ing as mudt bass live as you did on tht Bitter tour?

People say there's not a lot of bass on 8itter,
and that it's not funl..-y. I'm like, whatever. I like
the bass on Bitter, it's beautifully legato, it's cool,
and it sounds good. As a bass player, when some·
one calls me for a gig, I am there to implement
their needs, not my ego. The music I wrote for
Bitter called for that bass style. Live, though, the
Bitter tour was the first time I ever tried singing
and playing_ As it evolved, I realized I could play

a little more while singing. I noticed Jimi Ht:n-

rejoined her band last fall. In between, he's fronted his own band and recorded an album.

Soulmates [Marimelj/Warner Bros.] as well as toured and recorded with Pieces Of A Dream,
Bob James, Tim Hagans, Bob Belden, and Walter Hawkins. His lengthy resume also includes

a long stint with New Kids On The Block. He recently completed an album with Earth, Wind

& Fire singer Philip Bailey, and he plans to begin recording his second solo CD this spring.
Onstage, MeShell and David have to balance differences in playing style and sound. "Our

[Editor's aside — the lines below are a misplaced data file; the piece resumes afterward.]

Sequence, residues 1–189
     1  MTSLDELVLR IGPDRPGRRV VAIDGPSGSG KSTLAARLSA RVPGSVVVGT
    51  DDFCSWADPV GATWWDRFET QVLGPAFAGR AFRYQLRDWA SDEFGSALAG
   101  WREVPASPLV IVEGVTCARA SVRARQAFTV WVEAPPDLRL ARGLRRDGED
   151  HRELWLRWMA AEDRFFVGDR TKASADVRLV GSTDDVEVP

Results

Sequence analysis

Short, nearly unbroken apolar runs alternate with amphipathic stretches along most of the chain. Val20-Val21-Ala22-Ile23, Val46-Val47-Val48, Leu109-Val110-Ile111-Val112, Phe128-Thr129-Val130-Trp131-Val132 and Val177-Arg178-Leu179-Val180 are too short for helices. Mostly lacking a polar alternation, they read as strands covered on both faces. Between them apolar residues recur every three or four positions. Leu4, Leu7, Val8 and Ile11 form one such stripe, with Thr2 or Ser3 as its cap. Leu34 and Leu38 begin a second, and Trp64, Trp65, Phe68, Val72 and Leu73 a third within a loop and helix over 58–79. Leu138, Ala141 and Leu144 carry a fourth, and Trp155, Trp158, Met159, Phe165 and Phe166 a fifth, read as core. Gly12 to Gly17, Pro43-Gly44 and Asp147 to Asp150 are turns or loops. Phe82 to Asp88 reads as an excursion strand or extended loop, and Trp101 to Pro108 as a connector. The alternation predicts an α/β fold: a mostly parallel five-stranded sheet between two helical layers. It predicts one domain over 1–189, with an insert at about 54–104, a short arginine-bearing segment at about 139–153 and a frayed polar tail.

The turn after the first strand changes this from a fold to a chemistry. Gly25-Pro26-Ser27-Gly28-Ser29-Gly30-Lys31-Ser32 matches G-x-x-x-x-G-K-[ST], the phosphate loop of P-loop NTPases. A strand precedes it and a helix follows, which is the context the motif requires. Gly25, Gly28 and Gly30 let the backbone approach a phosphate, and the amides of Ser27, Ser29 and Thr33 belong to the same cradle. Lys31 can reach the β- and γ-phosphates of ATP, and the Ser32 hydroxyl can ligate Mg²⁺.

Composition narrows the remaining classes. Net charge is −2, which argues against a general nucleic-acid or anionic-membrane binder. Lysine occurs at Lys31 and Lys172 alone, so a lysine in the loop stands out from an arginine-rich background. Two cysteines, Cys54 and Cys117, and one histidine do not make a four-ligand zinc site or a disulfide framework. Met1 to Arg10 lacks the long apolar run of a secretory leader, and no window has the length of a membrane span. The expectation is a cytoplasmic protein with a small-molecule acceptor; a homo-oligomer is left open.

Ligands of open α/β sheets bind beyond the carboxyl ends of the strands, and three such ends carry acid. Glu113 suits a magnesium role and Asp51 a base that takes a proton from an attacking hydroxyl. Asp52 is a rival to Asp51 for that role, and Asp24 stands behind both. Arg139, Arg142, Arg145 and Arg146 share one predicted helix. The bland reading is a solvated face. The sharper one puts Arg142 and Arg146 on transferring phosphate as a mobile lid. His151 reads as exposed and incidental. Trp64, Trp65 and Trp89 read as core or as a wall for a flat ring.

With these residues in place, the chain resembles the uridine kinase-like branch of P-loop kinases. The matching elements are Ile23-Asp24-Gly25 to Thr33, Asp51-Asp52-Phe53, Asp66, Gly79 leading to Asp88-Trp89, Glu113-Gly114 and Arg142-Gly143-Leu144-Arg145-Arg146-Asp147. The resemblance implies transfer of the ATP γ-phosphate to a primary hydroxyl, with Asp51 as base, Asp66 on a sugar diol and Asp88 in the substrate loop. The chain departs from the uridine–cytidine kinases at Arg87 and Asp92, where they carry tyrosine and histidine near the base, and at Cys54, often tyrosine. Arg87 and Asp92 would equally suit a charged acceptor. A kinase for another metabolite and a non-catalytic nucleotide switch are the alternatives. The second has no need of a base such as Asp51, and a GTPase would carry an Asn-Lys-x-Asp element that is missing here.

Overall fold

styles are different in the way our personalities are different. I tend to take liberties while still

mamtaining the groove. She's no-nonsense-she gets right into it. In terms of sound, I like a

brighter, crisper top end, though I back off a bit on her gig. She likes a full, fat bottom and
mids, and just the bottom of the treble range. I've learned a Jot from her both as a player and

48

a bandleader. She's in total control onstage:
The respect is mutual. "David is one of my favorite bass players,"

says MeShell. '·He has a beautiful sense of harmony and melody. lfs

funky, but there's lyrical stuff intertwined in it."

David Dyson's Web site: www.dysonsgroove.com

BAS S PLA YeR MARCH 2002

drix had a tendency to play along with the phrases
be was singing, so I tried that, and the bass lines
got a little fuller. With the new material, some-
tin1CS the bass lines are so contrapuntal I can' t
sing with them. And it's rapping more than
singing, and rapping and playing bass is too dif-
ficult. Plus, I have to front a show. I have to teU
the band what to do and interact with the audi-
ence. When I'm playing bass, I disappear-!
become part ofthe band, and I don'tthink about
the people out in that audience. When I take the
bass off, I can interact with them again.

You give a lot of stage direction to the band.